Five People Born on January 16
Today is January 16, 2010 and the 16th day of the year in the Gregorian calendar. There are 349 days left in the year 2010. According the Mayan calendar, there are 1070 days till the end of the current cycle. On this date in 1909, Ernest Shackleton’s party found the magnetic South Pole. Here are five people that share a birthday on this day:
Dian Fossey (1932-1985)
Dian was a naturalist born in San Francisco. She enriched our understanding of gorillas through her intense study of these animals from the 1960s to 1980s. She was interested in animals from childhood, but changed college courses from pre-veterinary studies to occupational therapy. In 1963, Fossey met paleontologists Mary and Louis Leakey, who encouraged her dream to live and work with mountain gorillas. By 1966, she moved to the People’s Republic of Congo and lived among the mountain gorillas until civil war forced her to escape to Rwanda. In 1983, her book, Gorillas in the Mist, was published and became a best seller. A film with the same name was also released in 1988 starring Sigourney Weaver as Fossey. Considered the world's leading authority on the physiology and behavior of mountain gorillas, Dian Fossey fought hard to protect these "gentle giants" from environmental and human hazards. She saw these animals as dignified, highly social creatures with individual personalities and strong family relationships. Her active conservationist stand to save these animals from game wardens, zoo poachers, and government officials who wanted to convert gorilla habitats to farmland caused her to fight for the gorillas not only via the media, but also by destroying poachers' dogs and traps. On December 26, 1985, Fossey was found hacked to death, presumably by poachers, in her Rwandan forest camp. No assailant has ever been found or prosecuted in her murder.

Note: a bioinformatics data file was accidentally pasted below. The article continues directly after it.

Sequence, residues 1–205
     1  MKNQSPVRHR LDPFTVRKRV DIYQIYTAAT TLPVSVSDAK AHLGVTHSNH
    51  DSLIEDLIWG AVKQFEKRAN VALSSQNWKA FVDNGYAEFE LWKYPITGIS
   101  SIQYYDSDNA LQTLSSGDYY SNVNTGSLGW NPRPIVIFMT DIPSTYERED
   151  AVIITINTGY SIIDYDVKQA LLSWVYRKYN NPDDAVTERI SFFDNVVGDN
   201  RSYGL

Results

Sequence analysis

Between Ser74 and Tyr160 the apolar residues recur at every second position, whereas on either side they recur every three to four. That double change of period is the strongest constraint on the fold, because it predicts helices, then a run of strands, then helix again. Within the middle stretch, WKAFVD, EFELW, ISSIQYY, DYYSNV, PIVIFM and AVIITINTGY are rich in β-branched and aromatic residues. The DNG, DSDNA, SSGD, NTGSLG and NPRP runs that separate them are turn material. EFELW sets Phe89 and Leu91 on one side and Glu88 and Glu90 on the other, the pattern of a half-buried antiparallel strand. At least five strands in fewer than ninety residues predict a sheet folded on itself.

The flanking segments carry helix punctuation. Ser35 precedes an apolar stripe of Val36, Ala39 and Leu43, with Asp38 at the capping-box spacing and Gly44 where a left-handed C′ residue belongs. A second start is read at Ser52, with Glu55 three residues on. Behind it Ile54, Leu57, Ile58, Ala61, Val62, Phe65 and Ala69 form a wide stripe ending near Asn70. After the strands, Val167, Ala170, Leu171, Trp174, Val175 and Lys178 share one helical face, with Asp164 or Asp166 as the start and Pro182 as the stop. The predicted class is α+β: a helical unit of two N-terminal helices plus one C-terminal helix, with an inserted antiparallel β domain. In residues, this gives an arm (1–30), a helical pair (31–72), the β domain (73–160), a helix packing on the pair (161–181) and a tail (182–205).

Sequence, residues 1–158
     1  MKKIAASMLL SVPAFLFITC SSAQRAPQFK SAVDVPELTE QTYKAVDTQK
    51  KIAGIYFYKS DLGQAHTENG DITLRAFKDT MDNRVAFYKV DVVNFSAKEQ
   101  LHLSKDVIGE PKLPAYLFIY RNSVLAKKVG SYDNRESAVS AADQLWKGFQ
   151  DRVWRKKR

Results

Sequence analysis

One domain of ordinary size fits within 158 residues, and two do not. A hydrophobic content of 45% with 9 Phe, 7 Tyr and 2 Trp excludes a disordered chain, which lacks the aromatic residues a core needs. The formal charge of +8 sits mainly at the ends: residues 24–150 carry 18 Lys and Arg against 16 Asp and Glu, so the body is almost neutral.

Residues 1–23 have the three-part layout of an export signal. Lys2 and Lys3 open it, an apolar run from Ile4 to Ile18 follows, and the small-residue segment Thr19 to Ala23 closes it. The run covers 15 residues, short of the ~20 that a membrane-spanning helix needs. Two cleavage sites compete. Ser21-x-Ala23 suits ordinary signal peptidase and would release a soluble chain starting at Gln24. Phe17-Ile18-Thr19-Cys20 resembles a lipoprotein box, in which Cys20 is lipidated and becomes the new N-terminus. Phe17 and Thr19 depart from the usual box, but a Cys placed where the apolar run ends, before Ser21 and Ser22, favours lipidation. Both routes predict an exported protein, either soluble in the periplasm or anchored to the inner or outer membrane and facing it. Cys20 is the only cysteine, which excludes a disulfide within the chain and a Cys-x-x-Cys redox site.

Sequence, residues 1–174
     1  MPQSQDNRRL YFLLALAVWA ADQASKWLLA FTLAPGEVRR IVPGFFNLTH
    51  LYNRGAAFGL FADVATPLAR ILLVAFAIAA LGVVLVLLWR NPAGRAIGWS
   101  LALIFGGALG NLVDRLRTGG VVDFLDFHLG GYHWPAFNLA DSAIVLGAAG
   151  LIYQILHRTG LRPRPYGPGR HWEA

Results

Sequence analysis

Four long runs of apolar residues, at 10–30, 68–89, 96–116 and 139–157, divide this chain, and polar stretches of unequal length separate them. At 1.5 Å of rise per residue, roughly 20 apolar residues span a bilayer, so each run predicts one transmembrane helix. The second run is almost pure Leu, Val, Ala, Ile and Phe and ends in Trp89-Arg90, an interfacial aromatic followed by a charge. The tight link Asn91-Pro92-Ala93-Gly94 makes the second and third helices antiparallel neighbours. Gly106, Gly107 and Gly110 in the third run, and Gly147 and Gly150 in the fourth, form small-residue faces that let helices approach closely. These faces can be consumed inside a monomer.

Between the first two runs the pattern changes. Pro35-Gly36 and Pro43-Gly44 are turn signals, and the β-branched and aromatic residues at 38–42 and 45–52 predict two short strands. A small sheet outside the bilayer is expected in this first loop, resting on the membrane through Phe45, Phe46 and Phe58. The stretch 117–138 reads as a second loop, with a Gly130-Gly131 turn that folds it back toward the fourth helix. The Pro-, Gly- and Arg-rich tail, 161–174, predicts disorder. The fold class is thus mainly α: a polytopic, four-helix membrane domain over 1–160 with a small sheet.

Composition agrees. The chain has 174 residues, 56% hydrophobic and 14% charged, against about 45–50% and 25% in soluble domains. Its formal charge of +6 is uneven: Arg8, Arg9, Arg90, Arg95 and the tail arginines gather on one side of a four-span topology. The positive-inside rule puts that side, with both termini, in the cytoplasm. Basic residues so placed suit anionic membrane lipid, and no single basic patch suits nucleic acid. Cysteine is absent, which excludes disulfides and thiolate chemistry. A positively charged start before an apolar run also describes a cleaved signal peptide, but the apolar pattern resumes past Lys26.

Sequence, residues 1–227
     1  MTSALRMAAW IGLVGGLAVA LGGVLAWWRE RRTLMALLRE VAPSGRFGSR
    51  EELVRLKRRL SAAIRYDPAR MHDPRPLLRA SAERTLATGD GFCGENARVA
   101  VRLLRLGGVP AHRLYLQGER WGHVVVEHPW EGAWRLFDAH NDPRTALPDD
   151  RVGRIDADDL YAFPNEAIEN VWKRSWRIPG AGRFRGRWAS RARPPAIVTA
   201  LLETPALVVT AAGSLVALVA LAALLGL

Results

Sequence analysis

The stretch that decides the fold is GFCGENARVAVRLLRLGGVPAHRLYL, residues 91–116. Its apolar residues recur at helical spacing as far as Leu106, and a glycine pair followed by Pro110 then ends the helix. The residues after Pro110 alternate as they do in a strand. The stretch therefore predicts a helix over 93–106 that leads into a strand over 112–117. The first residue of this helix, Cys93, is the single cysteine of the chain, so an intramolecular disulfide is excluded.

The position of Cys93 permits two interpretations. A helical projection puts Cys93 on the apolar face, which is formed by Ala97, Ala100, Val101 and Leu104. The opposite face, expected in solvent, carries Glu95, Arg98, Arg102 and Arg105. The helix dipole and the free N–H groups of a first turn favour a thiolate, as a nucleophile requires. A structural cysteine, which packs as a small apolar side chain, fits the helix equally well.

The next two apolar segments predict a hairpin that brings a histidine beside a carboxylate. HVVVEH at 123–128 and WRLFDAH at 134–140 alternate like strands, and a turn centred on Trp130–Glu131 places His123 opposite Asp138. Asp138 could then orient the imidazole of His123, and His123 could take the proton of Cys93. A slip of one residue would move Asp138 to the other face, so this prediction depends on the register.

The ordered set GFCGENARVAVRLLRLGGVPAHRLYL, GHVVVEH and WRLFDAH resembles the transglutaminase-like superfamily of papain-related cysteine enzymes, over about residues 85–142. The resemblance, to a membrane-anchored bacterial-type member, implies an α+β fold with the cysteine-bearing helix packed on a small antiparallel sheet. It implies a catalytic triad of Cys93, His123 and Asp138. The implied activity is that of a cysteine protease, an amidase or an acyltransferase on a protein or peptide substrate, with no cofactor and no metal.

Dizzy Dean (1911-1974)
U.S. baseball pitcher born Jay Hanna Dean, he joined the St. Louis Cardinals in 1932, and in five seasons with them led the National League four times in complete games and four times in strikeouts. In 1937 he teamed with his brother Paul (nicknamed “Daffy”) to pitch the Cardinals to a World Series victory; he won 30 games and lost 7 that year and remains the last 30-game winner in the National League. He developed arm trouble the same year and never fully regained his form. He ended his career with the Chicago Cubs after being traded for the 1938 season. He was known for his colourful personality, which, after his retirement at age 30, served him well as a broadcaster.
Ethel Merman (1908-1984)
Actress and singer, born in Astoria, New York, USA. A gutsy, powerful musical comedy performer, she is remembered for her show stopping performances in Annie Get Your Gun (1946) and Call Me Madam (1950). Her song, There’s No Business Like Show Business was a trademark of her career.
Ronnie Milsap (Born 1944)
Country singer. Born in the Appalachian town of Robbinsville, North Carolina. Blind since birth, Milsap spent his early childhood in an impoverished farming community. He chose to pursue a professional career in music. And in 1964, at the age of 20, Milsap released his first single, "Total Disaster." The following year, he relocated to Memphis, where he fronted his own rhythm and blues band. In 1970, they recorded the pop single "Loving You is a Natural Thing." The following year, Milsap released his eponymous debut album for the Warner Bros. record label. Milsap moved to the country music epicenter of Nashville, Tennessee and was signed with RCA Victor. In 1990, Milsap published an autobiography, Almost Like a Song, which chronicled his ascent from poverty-stricken beginnings to country music superstar. He collaborated with country rock veterans Alabama to record the 1997 holiday album Christmas in Dixie. Most recently, Milsap released the album Wish You Were Here (2000). To date, Milsap boasts 40 No.1 country hits, six Grammy Awards, and eight Country Music Association Awards.
William Kennedy (Born 1928)
U.S. novelist and journalist. He worked as a journalist in New York and Puerto Rico before returning in 1963 to his native Albany, N.Y., which he considered the source of his literary inspiration. His novels, which are set in Albany and contain elements of local history and the supernatural, include The Ink Truck (1969), Legs (1975), Billy Phelan's Greatest Game (1978), and Ironweed (1983, Pulitzer Prize; film, 1987).